Rivlin Appeals for Leadership in Knesset Opening Session

President Reuven Rivlin addressing the first plenary session of the 24th Knesset, Tuesday. (Alex Kolomoisky/POOL)

President Reuven Rivlin opened the 24th Knesset on Tuesday with a rebuke and a solemn plea for the bridging of political differences in the interest of national stability.

“Today, I stand before a parliament that has dissolved itself four times in less than two years. A parliament that has relinquished, time after time, the right to express its confidence in the government. The disagreements that divide our society are genuine differences. Many of them are matters of principle. But there are times when we are obliged to resolve even wrenching, tough, painful disagreements,” said Rivlin.

“The Israeli people looks to you and expects each one of you to show leadership. The kind of leadership this moment demands.

“Leadership that is confident in its path, but that sees ideological rivals not as the enemy, heaven forbid, but as potential partners. Leadership that, in the atmosphere of tribalism, knows how to steer away from separatism and alienation, which may be appropriate for the campaign trail, but are destructive when it comes to building a country and leading a people. Leadership of partnership and respect.”

The speech came after Rivlin charged Prime Minister Binyamin Netanyahu‏‏ with the task of forming a new government, while voicing skepticism about his ability to do so under the circumstances, with less than a majority. He also expressed reservations about entrusting Netanyahu, while he is on trial for criminal offenses, though the law does not prevent him from leading a government.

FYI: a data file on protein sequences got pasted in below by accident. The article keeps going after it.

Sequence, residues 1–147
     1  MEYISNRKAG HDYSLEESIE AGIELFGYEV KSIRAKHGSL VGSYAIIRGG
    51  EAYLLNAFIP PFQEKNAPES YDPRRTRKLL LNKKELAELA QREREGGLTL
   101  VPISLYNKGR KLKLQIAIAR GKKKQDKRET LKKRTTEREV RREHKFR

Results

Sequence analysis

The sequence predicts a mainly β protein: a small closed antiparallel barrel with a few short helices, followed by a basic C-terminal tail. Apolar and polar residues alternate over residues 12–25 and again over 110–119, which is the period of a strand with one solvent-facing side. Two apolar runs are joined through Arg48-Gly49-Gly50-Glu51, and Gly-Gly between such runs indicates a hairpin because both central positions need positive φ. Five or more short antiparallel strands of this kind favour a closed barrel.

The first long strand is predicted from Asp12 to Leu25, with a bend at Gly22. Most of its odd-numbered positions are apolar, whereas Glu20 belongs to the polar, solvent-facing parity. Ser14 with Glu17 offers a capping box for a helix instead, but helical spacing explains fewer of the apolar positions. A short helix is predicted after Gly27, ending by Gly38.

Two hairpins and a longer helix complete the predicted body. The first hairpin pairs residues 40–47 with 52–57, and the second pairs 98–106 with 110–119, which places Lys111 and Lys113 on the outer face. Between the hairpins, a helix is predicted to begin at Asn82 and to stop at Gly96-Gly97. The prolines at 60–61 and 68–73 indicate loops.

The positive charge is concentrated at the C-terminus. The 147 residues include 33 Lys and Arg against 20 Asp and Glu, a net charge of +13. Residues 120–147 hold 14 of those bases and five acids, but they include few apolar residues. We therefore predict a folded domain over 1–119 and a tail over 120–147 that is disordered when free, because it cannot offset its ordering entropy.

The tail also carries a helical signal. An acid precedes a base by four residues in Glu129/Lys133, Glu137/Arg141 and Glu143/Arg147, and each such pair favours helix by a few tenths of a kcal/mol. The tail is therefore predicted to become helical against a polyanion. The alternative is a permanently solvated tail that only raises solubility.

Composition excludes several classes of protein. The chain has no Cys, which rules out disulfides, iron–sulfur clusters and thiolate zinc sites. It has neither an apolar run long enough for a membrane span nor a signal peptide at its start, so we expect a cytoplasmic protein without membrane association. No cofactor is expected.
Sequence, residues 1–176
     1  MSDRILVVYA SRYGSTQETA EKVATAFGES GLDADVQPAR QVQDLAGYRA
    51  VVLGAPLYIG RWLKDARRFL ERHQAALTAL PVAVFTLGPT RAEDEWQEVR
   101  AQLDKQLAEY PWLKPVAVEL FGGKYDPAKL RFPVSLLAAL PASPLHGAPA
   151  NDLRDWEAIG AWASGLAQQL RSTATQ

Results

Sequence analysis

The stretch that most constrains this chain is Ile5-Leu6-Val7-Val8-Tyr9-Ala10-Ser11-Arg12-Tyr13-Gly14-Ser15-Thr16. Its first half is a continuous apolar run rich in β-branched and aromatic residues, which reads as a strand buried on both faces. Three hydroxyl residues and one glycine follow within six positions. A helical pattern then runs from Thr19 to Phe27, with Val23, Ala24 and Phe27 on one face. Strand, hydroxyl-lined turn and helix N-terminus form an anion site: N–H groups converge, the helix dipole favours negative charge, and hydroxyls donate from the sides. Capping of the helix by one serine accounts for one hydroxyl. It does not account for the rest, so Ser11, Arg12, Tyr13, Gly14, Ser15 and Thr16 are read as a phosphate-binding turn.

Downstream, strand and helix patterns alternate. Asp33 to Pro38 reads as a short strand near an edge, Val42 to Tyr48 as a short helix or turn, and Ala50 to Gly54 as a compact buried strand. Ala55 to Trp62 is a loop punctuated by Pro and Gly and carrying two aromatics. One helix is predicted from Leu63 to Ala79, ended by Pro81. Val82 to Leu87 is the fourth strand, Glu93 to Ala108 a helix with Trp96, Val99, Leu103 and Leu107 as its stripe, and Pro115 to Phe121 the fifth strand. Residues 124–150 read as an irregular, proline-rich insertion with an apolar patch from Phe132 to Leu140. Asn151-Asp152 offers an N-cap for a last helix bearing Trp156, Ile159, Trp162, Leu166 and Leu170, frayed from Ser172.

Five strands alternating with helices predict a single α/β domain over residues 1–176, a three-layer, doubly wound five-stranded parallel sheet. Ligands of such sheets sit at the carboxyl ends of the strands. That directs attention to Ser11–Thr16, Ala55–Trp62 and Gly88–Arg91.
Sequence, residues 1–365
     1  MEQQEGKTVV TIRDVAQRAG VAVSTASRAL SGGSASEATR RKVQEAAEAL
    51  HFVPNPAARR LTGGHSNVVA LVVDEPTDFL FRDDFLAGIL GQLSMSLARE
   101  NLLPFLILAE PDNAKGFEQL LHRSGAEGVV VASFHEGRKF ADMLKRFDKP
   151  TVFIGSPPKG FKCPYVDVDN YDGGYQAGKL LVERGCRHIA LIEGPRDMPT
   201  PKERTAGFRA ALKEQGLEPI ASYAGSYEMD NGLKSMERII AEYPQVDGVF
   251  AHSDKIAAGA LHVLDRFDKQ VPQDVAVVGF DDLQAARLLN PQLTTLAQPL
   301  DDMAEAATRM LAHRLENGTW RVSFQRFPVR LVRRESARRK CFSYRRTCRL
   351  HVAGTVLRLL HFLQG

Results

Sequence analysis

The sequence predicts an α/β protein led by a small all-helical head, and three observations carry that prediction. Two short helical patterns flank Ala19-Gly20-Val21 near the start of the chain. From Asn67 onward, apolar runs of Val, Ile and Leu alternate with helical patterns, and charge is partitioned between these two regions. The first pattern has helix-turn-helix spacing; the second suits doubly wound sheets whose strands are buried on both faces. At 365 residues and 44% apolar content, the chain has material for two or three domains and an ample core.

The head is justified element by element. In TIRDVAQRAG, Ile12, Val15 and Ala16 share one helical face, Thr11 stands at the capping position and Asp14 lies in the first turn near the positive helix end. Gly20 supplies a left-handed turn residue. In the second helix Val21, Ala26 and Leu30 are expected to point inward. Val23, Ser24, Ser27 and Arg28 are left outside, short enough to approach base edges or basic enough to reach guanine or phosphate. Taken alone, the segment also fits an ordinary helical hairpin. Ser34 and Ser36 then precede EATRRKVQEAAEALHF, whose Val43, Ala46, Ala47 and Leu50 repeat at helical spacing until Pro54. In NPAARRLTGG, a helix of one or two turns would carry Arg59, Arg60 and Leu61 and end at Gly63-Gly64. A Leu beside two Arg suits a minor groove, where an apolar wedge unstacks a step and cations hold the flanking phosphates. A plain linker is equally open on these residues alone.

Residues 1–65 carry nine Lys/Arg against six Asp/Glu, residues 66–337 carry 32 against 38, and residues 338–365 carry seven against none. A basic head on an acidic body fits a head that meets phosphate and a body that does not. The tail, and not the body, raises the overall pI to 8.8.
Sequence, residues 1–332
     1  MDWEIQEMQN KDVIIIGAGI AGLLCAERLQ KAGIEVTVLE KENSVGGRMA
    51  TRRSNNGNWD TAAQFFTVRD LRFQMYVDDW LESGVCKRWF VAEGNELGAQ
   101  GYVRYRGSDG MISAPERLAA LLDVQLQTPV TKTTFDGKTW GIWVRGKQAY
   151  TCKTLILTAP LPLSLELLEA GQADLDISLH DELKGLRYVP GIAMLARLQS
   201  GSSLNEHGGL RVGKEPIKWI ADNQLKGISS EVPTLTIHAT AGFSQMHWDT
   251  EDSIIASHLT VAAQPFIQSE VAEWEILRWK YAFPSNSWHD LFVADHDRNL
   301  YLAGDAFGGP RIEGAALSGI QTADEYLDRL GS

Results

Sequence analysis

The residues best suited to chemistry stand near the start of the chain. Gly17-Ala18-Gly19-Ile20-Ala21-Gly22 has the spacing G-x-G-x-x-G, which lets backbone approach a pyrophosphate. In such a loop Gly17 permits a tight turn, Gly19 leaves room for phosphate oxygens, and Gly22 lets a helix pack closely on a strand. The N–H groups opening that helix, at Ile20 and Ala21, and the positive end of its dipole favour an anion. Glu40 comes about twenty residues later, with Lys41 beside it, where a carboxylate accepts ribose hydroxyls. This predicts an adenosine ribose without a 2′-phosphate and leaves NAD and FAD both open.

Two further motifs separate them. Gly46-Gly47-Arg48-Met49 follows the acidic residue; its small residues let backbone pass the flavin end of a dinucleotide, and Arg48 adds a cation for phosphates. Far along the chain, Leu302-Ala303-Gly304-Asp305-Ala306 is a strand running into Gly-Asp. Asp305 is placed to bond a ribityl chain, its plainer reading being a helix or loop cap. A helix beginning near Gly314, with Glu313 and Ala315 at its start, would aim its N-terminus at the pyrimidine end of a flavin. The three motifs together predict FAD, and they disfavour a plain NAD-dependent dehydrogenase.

Speaking after Rivlin, Knesset Speaker Yariv Levin of Likud warned that growing distrust of politicians was a “great danger” to the country and “democracy itself.”

“The downsides of democracy are many, including the difficulty to reach an agreement that will enable the long and stable leadership of elected representatives. But democracy has been, and continues to be, a better system than any other,” Levin said.

Democracy “is better than rule of public servants who use their power to thwart government policy,” a likely reference to Attorney General Avichai Mandelblit, who has several times thwarted Netanyahu. “It is better than the rule of the judge who interferes in legislation without authority.”

During the swearing-in ceremony, members of the Arab Joint List changed the standard statement of “I commit,” denoting a commitment to Israel and carrying the duties of an elected representative.

Instead, the MKs stated: “I commit to fighting occupation and apartheid” and similar phrasings.

Amid expressions of anger from other MKs, Levin disqualified the declarations. The MKs will need to give the proper declaration at a later time or be denied some of their rights as MKs.

In a sign of the declining threat of the coronavirus, the swearing-in of the MKs took place without social distancing, unlike last time.